The bill would have made it possible for any "employer, health plan provider, health plan sponsor, health care provider, or any other person or entity" to refuse to provide coverage for contraception, abortion, or sterilization.
"For the first time, this bill would allow insurance companies to impose their will, and deny contraceptive coverage to women - even if women and their employers want it included," said Nixon in a statement on his decision. "We want families making these decisions - not insurance companies. For that reason, I am vetoing this bill."
The bill brought together an interesting group of opponents, linking pro-choice and reproductive rights groups with labor unions like AFL-CIO, who were disturbed by the impact on employees' access to birth control. Catholic and pro-life groups were the most vocal proponents of the bill, calling it a "religious freedom" bill. Read the full language here.
Nixon's decision comes after a suspenseful waiting period following the bill's passage in the legislature. The governor has a mixed record on abortion and reproductive issues, and many wondered if he would simply allow SB 749 to pass by neither signing nor vetoing it, as he has done with past abortion bills.
Both Planned Parenthood and the ACLU of Eastern Missouri applauded today's decision.
"SB 749 would have put health insurers in the difficult position of having to obey an unconstitutional state law at the expense of women's reproductive rights," wrote the ACLU's Brenda Jones. "Gov. Nixon's action today spared the state from what would have been an expensive and disruptive mandate."
The St. Louis Archdiocese, on the other hand, was "deeply saddened":
"We encourage Missouri legislators to override Governor Nixon's veto during the veto session in September," read their statement. "We encourage Catholics and people of all faith to continue to pray for religious liberty in our state and in our nation."
Watch Nixon explain his reasoning on SB 749:
Here are the Governor's full remarks:
Among other bills, I am vetoing Senate Bill 749. As a person of faith, I cherish the freedom we all have to worship in accordance with our own beliefs. Our churches should be free from the encroachment of government and politics.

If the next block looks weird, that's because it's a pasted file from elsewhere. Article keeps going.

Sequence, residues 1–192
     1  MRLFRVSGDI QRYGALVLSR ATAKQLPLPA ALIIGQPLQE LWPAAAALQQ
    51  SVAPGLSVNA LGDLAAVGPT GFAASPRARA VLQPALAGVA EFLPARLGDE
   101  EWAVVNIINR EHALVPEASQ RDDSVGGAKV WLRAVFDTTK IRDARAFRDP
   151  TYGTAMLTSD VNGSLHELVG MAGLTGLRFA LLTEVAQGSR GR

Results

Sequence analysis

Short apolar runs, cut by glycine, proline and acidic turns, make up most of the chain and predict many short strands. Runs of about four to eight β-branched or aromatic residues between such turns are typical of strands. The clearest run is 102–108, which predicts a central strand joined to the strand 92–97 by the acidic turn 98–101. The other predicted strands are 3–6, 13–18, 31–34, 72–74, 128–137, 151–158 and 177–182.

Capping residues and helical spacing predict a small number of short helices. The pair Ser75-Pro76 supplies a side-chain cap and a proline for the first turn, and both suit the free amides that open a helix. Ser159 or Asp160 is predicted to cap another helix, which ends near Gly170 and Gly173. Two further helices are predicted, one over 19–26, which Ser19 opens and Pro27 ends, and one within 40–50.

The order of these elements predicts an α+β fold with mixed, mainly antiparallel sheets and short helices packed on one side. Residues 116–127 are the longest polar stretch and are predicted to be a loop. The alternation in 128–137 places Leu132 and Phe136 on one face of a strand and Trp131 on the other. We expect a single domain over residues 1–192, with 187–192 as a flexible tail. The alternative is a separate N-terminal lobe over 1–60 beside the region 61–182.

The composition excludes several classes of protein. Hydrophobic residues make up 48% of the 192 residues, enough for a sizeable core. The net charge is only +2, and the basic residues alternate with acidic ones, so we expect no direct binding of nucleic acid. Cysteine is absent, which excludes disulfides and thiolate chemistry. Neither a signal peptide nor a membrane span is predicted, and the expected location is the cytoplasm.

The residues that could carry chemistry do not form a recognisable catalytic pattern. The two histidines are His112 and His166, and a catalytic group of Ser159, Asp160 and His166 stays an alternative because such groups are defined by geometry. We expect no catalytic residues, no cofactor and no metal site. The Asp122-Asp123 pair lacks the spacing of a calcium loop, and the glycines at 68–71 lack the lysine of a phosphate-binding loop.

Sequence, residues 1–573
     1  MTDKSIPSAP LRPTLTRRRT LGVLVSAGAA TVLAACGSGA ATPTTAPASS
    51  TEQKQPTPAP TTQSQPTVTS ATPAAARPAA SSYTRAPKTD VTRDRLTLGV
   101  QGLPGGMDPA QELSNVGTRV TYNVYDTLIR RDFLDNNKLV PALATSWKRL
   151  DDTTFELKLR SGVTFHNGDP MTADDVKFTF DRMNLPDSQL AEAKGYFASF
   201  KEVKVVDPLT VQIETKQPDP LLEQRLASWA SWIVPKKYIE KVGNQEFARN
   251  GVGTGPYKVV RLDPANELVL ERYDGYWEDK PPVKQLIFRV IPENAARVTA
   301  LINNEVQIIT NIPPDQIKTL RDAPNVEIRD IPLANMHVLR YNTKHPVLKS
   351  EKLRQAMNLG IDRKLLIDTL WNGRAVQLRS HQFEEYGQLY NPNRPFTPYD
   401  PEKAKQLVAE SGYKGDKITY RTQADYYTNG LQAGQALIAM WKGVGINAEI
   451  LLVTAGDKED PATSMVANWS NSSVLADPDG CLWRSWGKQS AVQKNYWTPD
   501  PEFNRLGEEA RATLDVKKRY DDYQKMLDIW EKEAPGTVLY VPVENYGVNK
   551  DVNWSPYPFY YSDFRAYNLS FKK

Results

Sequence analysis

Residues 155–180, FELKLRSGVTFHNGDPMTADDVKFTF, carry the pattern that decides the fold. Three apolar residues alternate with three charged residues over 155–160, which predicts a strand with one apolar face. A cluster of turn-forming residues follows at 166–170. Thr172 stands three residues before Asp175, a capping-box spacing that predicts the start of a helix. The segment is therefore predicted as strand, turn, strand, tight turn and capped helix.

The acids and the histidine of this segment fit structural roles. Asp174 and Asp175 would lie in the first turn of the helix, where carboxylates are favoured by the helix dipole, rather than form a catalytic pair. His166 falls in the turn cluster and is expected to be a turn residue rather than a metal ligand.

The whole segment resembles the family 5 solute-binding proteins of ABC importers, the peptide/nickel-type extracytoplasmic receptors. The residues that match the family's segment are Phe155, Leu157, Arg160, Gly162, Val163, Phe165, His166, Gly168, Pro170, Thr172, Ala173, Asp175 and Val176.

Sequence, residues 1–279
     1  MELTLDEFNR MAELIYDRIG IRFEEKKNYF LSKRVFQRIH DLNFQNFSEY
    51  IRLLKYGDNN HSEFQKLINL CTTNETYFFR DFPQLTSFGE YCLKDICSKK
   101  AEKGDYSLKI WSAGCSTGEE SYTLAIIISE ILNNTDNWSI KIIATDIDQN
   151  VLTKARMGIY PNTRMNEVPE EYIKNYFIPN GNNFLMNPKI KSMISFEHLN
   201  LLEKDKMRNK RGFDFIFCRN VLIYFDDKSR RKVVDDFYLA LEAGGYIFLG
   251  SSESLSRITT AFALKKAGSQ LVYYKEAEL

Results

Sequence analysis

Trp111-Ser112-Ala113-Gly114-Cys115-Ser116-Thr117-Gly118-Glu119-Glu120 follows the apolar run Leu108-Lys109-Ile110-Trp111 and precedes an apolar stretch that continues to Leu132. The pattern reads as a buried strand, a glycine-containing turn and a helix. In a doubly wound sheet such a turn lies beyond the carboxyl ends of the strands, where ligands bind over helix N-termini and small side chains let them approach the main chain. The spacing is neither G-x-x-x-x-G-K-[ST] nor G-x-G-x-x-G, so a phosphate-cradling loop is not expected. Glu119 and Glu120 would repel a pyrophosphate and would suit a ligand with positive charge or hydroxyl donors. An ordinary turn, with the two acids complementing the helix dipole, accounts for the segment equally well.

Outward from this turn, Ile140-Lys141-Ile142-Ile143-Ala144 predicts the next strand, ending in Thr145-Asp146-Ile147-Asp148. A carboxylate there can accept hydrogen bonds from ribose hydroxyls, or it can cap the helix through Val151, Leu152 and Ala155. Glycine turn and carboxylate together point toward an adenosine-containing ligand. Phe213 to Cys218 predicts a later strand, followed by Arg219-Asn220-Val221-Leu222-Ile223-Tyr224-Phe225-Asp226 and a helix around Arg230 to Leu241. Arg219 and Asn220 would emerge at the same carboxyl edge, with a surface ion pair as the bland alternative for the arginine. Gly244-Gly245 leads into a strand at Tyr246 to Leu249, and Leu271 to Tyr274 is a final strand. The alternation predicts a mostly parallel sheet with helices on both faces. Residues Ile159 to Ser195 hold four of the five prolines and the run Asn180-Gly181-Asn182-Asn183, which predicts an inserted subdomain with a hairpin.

For more than a decade, Missouri law has provided strong religious and moral protections to safeguard the beliefs of employees and employers regarding contraceptive coverage. Those protections apply whether the employer is a church or religious organization, or not. Either way, religious and moral beliefs are protected.
These protections are strong. They're effective. And they have my support.
Under our existing law, employees and employers can already opt out of providing or receiving contraceptive coverage if doing so conflicts with their religious or moral convictions.
At the same time, our existing law also acknowledges the rights of women and families who want to access contraception.
For employees whose companies have chosen to invoke our religious or moral protections, current law also ensures that women and families who want contraceptive coverage can get it - a right that I also support.
Our existing law protects religious liberties - and it respects individual rights. The current law was passed overwhelmingly. It's been on the books for years. And it works.
The additional provisions included in Senate Bill 749 - such as the notice requirement for individual policies - are worthwhile ideas that deserve continued discussion.
But one significant - and negative - change within Senate Bill 749 requires my veto today.
For the first time, this bill would allow insurance companies to impose their will, and deny contraceptive coverage to women - even if women and their employers want it included.
This bill would allow insurance companies to override the rights and beliefs of employees and employers.
By doing so, the bill would shift authority to make decisions about access to contraceptive coverage away from Missouri women, families and employers - and put that power in the hands of insurance companies. That would be a step backward for Missouri.
This could also set a dangerous precedent for the future and other types of health care services, such as end-of-life care or cancer screenings.
We want families making these decisions - not insurance companies. For that reason, I am vetoing this bill.
Again, Missouri law already provides strong religious and moral protections. Missouri law also respects the rights of women and families to access contraception. And insurance companies should not have the power to overrule that right.
If the legislature were to pass a bill that includes the additional notice requirement for insurance policies, without limiting access to contraception or shifting authority to insurance companies, I would give that bill serious consideration.
And I'm certainly open to discussions about what that bill would need to look like.